In 2008 I sat down and interviewed my maternal Grandmother, Lucille Beiersdorf Chvarack Ash (1920-2011). We talked for over two hours. I asked her what she remembered about all of her relatives—grandparents, aunts, uncles, cousins, her husband, John Chvarack (1916-1967) & his family. Since I hadn’t known any of the folks we talked about, I learned a lot that day. At the end of the interview, she turned the tables and interviewed me. We had a good talk.
Lucille grew up in Sheboygan, Wisconsin. She was the only child of Herman (1895-1983) and Amanda (1894-1973) Steinhaus Beiersdorf. Both of her parents had several siblings who resided in Sheboygan. One of the stories Grandma told me was of the family’s Christmas Eve tradition.
“Our entertainment was different than now & like on 13th Street—Christmas and so. We’d start at my Grandma’s, we went to church, came from church—we’d start at my Grandma Steinhaus’ & they would have some candy or little things, not big gifts, but little things, have a Christmas tree & we’d sit around. Then we’d go over there about a block to Ray and Olga’s & their 2 children & we would sit there for about a half hour or so & then we’d go over to my Aunt Ella & Uncle Walter’s & we would do something there–see their Christmas things & they had a piano so they would play a little bit once in a while & from there we went up about a block to visit another aunt and uncle, Martha & Gustav & that was Janet Steinhaus & Don & Kenneth & there we would do the same & we had one more aunt & Uncle Paul & that would be at the last stop–then they would come over to our house–from 13th street over so that was about, oh, maybe 8 blocks or so–they would come over there & then we would all have something– & have–oh coffee & drinks–I think the men had drinks, or had one drink–we would get coffee and then have some refreshments & Mother would always have cookies & cake & that was on Christmas Eve.”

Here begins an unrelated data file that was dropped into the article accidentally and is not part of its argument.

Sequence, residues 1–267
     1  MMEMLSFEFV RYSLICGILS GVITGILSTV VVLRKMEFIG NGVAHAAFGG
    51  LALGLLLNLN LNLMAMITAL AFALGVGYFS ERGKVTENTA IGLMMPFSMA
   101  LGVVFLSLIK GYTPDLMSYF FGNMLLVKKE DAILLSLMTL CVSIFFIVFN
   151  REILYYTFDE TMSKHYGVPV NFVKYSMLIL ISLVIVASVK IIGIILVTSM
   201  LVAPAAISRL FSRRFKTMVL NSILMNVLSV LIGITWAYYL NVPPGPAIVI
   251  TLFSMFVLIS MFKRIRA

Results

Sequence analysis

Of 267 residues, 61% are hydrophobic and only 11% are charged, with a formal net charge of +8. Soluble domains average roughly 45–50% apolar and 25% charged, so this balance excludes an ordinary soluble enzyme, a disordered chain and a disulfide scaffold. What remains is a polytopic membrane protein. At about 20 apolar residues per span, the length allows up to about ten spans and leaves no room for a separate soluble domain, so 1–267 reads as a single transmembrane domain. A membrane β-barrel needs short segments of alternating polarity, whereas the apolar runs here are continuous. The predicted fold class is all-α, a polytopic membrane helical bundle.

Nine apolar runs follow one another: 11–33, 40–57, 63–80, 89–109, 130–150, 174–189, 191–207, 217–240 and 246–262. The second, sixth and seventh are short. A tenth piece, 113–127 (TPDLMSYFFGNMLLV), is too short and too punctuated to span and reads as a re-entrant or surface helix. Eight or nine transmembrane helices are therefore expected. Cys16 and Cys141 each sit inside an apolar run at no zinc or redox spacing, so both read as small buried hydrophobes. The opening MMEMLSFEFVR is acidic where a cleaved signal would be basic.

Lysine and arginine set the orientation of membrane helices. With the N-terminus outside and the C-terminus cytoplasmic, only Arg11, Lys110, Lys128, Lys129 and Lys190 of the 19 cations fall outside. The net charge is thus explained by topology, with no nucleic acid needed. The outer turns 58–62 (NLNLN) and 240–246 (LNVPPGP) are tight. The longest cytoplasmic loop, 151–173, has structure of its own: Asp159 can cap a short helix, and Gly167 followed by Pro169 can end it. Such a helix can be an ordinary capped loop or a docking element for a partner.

Essentially, the Christmas Eve tradition was to attend church services & then visit the homes of each Steinhaus family member in the immediate area “on 13th Street.”
First, a look at the Steinhaus family:
- Otto Steinhaus (1869-1954) married Emilie Binder (1867-1940). Their children were:
- Walter (1891-1962)
- *Ella (1892-1953) married Walter Axel (1893-1945)
- *Martha (1893-1934) married Gustav Becker
- *Amanda (1894-1973) married Herman Beiersdorf (1895-1983)
- William (1896-1963)
- Clara (1897-1974) married Rudolph Voigt (1897-1968)
- *Paul H. (1900-1972)
- *Olga (1907-1981) married Ray Steinbruecker (1906-1980)
- Edwin (1909-1955)
Unfortunately, I don’t think I have any pictures of these gatherings. I do have a picture of some of the Steinhaus siblings mentioned in Grandma’s interview:
- Left to Right, Back Row: Walter Axel, Gust Becker, Herman Beiersdorf, Rudy Voigt, Emilie Steinhaus.
- Left to Right, seated: Ella Axel, Amanda Beiersdorf, Clara Voigt, Martha Becker & Kenneth
- Left to Right, children in front: Edwin Steinhaus, Allen Steinhaus, Olga Steinhaus.
The picture was probably taken in late 1917 or 1918.
Now, to follow the path of the Christmas Eve gathering. Through US Census records and Sheboygan City Directories from the 1930’s, I was able to figure out the addresses of all of the homes mentioned. Each family owned their home. I wonder, if like my Great-grandparents, some were the original owners?